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Thermo Fisher, Inforsense Overhaul Software for Evolving Proteomic Needs

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Thermo Fisher Scientific last month began shipping its Proteome Discoverer software, a major overhaul of its proteome informatics platform necessitated by the expanding capabilities of mass spectrometers used for proteomics research. 
 
Launched at this year’s American Society for Mass Spectrometry annual conference in June, the system, which includes an in-house developed workflow engine and a slimmed-down version of the InforSense workflow technology called the InforSense Virtual Machine, is the culmination of an original-equipment-manufacturer agreement that the two firms signed in 2006.
 
At the time of the launch, Thermo Fisher said the software provides the most comprehensive view of quantitative and qualitative proteomic data available [See PM 06/05/08].
 
For Thermo Fisher, the launch signals a “next-generation” software product that “adapts to the evolving nature of proteomics,” Andreas Hühmer, proteomics marketing director at the company, told ProteoMonitor’s sister publication BioInform.
 
Hühmer noted that since Thermo launched its widely used Sequest proteomics search engine more than a decade ago, “the field of proteomics has significantly broadened in scope and it covers a much wider array of applications in biology and the clinic.” As a result, he said, “it really has come to the point where … it’s actually impossible for a company to make a turnkey solution for all these evolving fields.”
 
The company decided several years ago to replace its BioWorks platform, which included Sequest, with “a brand new platform — not just another application, but a platform — that could evolve in the future with the needs of the field,” Hühmer added.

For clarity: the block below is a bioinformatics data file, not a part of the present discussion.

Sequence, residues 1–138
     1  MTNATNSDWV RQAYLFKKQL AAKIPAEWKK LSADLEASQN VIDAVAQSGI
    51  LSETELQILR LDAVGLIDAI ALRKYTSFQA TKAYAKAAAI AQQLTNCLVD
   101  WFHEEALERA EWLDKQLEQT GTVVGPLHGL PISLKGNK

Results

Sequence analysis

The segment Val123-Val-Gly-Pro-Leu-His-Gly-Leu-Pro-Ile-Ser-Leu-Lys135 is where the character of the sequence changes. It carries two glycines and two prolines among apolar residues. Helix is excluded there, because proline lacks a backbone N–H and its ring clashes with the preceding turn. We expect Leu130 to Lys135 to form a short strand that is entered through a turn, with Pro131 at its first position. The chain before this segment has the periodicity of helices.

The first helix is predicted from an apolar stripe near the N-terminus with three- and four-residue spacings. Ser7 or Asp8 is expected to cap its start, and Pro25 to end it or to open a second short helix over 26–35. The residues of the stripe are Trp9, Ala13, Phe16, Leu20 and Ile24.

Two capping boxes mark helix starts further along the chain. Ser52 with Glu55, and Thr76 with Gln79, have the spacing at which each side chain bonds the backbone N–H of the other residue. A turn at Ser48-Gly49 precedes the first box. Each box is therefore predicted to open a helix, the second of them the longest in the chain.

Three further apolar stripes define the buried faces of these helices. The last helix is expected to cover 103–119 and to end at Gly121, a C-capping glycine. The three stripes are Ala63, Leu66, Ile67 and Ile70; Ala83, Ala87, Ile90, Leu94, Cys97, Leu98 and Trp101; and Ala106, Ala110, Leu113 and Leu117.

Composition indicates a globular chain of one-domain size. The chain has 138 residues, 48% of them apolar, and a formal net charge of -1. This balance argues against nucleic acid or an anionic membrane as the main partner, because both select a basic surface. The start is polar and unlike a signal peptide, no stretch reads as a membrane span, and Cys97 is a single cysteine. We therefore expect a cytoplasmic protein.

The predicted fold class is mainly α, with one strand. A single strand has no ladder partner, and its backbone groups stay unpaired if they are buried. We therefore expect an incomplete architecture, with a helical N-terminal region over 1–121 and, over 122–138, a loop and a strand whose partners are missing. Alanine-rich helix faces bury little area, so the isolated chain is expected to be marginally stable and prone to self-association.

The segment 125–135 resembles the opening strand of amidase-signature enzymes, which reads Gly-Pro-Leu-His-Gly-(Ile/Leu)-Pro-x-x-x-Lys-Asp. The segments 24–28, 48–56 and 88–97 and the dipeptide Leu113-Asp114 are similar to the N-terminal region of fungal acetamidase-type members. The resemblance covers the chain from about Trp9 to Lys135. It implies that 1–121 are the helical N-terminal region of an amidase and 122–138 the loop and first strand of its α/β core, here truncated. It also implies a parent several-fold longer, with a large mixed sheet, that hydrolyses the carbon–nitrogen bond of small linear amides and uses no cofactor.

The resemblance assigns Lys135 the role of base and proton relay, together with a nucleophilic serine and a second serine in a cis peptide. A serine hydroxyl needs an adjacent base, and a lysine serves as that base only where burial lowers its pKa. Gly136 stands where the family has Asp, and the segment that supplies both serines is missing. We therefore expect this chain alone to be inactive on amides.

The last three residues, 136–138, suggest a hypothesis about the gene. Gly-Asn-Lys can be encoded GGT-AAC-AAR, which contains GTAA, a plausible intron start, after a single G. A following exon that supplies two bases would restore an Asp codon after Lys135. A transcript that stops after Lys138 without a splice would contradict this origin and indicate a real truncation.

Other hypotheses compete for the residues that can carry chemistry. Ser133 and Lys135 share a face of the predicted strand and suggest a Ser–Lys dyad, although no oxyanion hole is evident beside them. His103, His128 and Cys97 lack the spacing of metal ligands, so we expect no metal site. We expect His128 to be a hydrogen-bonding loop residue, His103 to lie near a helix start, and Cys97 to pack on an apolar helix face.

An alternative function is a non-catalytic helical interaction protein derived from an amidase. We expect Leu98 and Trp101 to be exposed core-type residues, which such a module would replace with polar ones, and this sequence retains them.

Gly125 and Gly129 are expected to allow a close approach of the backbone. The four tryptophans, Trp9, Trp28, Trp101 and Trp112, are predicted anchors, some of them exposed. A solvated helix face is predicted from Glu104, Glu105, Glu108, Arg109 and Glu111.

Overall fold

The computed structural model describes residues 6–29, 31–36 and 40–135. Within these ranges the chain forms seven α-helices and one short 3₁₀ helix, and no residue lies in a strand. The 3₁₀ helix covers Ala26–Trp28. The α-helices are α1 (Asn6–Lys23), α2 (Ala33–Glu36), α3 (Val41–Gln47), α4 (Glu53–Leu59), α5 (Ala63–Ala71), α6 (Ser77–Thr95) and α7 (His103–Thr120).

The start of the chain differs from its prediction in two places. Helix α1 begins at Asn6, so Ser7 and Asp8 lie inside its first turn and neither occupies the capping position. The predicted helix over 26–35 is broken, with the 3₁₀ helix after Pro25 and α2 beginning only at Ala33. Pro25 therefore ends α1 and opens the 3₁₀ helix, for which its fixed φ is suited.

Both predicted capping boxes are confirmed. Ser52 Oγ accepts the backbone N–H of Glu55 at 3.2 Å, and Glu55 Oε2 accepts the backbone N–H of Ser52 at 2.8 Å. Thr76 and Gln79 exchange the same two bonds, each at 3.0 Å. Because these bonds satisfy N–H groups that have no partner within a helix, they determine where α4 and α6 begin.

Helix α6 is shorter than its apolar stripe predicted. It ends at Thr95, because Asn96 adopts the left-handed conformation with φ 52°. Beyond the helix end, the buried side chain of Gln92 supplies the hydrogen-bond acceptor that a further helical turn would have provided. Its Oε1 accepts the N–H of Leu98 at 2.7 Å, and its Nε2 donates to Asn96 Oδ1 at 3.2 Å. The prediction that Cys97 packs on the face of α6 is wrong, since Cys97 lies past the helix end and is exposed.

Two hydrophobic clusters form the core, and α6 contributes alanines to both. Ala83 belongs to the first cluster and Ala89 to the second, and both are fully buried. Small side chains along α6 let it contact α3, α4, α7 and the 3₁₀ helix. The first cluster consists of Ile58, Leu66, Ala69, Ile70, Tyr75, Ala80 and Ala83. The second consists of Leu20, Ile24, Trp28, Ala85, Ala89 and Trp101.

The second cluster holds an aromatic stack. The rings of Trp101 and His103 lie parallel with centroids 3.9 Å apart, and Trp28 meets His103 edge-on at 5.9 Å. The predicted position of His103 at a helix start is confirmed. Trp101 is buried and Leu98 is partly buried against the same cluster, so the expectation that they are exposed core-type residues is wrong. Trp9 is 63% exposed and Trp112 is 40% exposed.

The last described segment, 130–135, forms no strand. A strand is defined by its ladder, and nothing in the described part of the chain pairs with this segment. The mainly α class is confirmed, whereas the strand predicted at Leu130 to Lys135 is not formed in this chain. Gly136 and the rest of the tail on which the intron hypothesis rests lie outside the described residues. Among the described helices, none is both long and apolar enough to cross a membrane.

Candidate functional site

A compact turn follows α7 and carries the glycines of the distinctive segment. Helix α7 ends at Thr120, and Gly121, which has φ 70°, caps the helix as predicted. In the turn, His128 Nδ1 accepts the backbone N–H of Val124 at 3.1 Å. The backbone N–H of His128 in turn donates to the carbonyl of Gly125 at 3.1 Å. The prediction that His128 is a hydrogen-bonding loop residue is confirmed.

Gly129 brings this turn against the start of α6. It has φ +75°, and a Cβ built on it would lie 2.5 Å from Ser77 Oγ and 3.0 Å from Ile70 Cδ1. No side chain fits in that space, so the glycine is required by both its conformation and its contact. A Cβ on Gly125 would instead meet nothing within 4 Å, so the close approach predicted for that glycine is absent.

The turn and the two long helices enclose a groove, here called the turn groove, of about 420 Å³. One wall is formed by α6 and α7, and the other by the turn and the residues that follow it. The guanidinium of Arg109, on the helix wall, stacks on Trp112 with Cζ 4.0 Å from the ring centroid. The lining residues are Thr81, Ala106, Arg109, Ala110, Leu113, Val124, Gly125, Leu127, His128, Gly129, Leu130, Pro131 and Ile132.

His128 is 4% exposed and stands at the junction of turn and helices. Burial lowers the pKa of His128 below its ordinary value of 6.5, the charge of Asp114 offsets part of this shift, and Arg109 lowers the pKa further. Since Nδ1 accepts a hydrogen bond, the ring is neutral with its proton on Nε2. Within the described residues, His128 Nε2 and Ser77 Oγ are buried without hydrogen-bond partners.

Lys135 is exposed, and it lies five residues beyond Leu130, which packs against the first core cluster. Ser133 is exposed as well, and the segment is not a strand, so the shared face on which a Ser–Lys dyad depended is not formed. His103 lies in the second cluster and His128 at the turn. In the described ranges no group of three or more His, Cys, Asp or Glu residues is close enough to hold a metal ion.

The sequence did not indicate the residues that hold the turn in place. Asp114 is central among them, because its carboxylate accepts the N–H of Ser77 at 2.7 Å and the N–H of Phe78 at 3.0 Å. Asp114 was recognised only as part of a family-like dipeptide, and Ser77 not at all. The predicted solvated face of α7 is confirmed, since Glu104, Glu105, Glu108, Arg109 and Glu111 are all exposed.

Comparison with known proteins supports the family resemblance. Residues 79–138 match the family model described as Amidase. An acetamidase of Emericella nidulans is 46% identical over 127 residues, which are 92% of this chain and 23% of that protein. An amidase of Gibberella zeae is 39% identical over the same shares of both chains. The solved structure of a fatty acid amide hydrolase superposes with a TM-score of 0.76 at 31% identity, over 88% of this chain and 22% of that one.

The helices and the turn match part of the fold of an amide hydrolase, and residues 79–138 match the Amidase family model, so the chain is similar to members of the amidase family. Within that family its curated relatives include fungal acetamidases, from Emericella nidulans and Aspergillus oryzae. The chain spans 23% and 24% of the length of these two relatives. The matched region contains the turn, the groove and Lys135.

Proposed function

At the heart of the new platform is the concept of the workflow engine, which allows users to easily build complex analytical pipelines through a graphical user interface. Proteome Discoverer actually includes two such engines: an in-house developed workflow engine that handles signal processing and protein identification via database searching; and the IVM workflow engine, which can annotate proteins by querying public databases like Genbank, UniProt, and the Gene Ontology.
 
“We’ve really taken that workflow concept to a level where we now can rapidly adapt to new and emerging workflows in proteomics, and we can do this on the side of the raw data manipulation as well as on the side of data analysis,” Hühmer said.
 
Thermo Fisher expects the software to help it keep pace with a very rapidly changing field. “Proteomics is not a general tool anymore. Proteomics is specifically used to get answers in a variety of fields,” Hühmer said. “One is, of course, biomarker discovery and validation. Another field is the analysis of very specific target proteins in pharma — biotherapeutics and biosimilars. And then there is the whole rapidly developing field of quantitative biology where people really can look at thousands and thousands of proteins, identify them, and quantitate them at the same time.”
 

“Proteomics is not a general tool anymore. Proteomics is specifically used to get answers in a variety of fields.”

All these application areas present “very new challenges because now you’re looking at a lot of data points — millions and millions of data points — and going through a sensible data reduction is not trivial,” he said.